Philippines President Ferdinand Marcos Jr on Tuesday conducted an aerial inspection over a southern province hit by landslides triggered by tropical storm Nalgae that killed 110 people.
More than 100 people were injured and 33 were still missing as a result of widespread flooding and multiple landslides, the disaster agency said.
About 2.4 million individuals were affected by Nalgae and related flooding, including 866,000 forced to flee homes, the National Disaster Risk Reduction and Management Council said on Tuesday. Agriculture losses are estimated at 1.3 billion pesos ($22.4 million) while the cost of damaged infrastructure is about 760 million pesos, it said.
Nalgae is headed for southern China after damaging $22 million worth of farm goods and $13 million worth of infrastructure, government data showed. It is the second-most destructive storm to hit the Philippines so far this year, after tropical storm Megi killed 214 people in April.
Marcos on Tuesday ordered officials to distribute relief packs faster and called for better preparation ahead of four more tropical storms forecast by the weather agency before the end of the year.
"When we were doing aerial inspection, I noticed that landslides occurred in denuded mountains and that was the problem," said Marcos, who also visited an evacuation centre in Maguindanao province.
Most of the casualties from Nalgae, the country's 14th cyclone this year, were in the southern autonomous region of Bangsamoro because of rain-induced landslides in deforested areas.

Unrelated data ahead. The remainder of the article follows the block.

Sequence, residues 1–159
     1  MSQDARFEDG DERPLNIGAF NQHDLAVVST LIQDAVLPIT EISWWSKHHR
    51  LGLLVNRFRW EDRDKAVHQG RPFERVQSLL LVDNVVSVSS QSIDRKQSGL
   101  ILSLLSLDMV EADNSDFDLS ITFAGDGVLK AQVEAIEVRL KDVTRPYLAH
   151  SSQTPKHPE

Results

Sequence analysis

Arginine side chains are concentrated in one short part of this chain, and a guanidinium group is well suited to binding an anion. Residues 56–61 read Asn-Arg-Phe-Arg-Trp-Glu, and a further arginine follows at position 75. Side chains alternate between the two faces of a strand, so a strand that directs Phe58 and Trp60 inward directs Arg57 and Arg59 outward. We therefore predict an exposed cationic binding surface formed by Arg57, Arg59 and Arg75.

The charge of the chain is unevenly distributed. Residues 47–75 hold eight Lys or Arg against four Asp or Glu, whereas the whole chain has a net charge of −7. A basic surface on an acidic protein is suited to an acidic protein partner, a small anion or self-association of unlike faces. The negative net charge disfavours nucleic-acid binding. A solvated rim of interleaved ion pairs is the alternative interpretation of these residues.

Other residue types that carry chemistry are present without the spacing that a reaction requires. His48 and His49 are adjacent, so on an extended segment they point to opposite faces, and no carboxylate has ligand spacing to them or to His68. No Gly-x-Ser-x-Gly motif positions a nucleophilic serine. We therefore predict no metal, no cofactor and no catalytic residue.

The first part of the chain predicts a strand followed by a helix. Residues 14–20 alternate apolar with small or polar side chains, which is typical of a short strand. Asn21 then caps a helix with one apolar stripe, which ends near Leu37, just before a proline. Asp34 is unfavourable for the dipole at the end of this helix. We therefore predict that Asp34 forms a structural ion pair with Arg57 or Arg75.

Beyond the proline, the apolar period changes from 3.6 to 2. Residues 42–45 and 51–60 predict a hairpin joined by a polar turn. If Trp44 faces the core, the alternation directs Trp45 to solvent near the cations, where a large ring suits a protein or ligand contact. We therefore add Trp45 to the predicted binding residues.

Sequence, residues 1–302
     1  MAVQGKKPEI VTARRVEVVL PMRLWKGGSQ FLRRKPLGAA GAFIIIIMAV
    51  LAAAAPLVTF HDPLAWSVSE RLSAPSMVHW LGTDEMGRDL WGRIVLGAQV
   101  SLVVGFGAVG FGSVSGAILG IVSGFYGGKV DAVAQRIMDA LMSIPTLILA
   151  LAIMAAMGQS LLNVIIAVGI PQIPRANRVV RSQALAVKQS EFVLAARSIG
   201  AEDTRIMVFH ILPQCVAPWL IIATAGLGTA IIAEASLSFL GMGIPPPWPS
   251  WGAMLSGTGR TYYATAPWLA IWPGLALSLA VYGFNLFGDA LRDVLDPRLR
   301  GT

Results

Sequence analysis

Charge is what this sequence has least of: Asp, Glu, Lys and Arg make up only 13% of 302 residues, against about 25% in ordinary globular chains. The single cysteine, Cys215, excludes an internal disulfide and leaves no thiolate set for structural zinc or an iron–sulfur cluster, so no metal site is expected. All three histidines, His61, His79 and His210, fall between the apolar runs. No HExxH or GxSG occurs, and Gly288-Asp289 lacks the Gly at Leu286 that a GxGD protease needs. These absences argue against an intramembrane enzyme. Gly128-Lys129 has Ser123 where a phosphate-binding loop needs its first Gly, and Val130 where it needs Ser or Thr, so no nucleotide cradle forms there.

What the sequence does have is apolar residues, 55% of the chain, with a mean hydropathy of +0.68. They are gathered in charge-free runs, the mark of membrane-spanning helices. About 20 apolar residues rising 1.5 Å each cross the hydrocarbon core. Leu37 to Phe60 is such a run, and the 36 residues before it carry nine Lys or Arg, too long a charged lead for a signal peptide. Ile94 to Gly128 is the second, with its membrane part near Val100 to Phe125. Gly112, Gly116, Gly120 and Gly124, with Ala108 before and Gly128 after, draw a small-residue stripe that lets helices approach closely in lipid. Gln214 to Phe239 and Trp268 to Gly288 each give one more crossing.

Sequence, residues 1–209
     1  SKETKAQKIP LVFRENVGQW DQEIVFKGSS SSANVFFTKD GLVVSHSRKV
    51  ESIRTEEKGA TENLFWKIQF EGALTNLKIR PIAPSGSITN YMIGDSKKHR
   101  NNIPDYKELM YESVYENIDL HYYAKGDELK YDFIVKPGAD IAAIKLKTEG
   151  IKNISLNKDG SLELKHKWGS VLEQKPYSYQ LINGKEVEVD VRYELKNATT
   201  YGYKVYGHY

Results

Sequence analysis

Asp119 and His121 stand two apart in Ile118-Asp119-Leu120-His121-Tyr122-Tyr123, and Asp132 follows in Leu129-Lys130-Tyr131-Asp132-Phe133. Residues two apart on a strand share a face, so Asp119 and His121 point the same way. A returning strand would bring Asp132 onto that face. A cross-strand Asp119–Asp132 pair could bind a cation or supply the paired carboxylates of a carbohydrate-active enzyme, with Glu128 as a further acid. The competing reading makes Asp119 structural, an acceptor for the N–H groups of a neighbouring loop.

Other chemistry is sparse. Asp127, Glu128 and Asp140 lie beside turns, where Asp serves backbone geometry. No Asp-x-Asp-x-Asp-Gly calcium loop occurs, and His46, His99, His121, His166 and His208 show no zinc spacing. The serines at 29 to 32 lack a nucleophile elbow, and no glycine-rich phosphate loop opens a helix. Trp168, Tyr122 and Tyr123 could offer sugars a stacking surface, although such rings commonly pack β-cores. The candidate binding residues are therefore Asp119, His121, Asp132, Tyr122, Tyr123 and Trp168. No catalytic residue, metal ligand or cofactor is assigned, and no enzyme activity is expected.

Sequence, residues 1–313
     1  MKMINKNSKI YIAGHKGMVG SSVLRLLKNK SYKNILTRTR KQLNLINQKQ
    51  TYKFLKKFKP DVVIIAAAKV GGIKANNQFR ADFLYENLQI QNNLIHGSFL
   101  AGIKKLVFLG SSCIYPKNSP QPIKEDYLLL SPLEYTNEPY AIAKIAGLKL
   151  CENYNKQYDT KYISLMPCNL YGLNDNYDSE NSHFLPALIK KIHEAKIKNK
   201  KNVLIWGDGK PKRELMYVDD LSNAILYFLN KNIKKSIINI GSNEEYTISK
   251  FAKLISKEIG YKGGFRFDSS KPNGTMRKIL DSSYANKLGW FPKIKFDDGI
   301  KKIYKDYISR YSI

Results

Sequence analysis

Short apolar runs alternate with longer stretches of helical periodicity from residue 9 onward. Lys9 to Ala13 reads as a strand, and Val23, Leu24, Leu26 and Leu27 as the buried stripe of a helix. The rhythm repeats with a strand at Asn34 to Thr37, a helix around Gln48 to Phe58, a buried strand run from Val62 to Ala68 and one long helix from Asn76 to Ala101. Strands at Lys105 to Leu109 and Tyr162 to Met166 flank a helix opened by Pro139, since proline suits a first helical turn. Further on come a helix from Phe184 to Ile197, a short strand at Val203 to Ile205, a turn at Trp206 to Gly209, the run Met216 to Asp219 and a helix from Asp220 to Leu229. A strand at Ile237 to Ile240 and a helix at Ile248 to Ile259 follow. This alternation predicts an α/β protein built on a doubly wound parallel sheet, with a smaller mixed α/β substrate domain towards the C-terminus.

The Philippines, an archipelago of more than 7,600 islands, sees an average 20 typhoons a year, with frequent landslides and floods blamed on the growing intensity of tropical cyclones due to climate change.
Science and Technology Secretary Renato Solidum said the nation must brace itself for more intense tropical cyclones due to climate change, noting that their actual impact will depend partly on several factors including risk management.
“If we look at the long-term trend, yes, indeed, tropical cyclones will get stronger, but we have to separate the character of the typhoon versus the exposure,” Solidum said in a phone interview. “Independently, the typhoon can have very strong winds or can carry with it a lot of rain but how the impact will be is dependent on the exposure, the number of people, the area, the preparedness, or the vulnerability.”
Scientists say climate change will cause more extreme rainfall, which can trigger worse floods. But flooding can also be exacerbated by the shallowing of the rivers and the denuding of upland areas that lead to deadly mudslides, Solidum said.
“In the long term, the land use will be critical,” the nation’s chief scientist said. “We need to restrict where our people should be staying because otherwise every time there’s extreme rain, for sure their lives will be placed at risk.”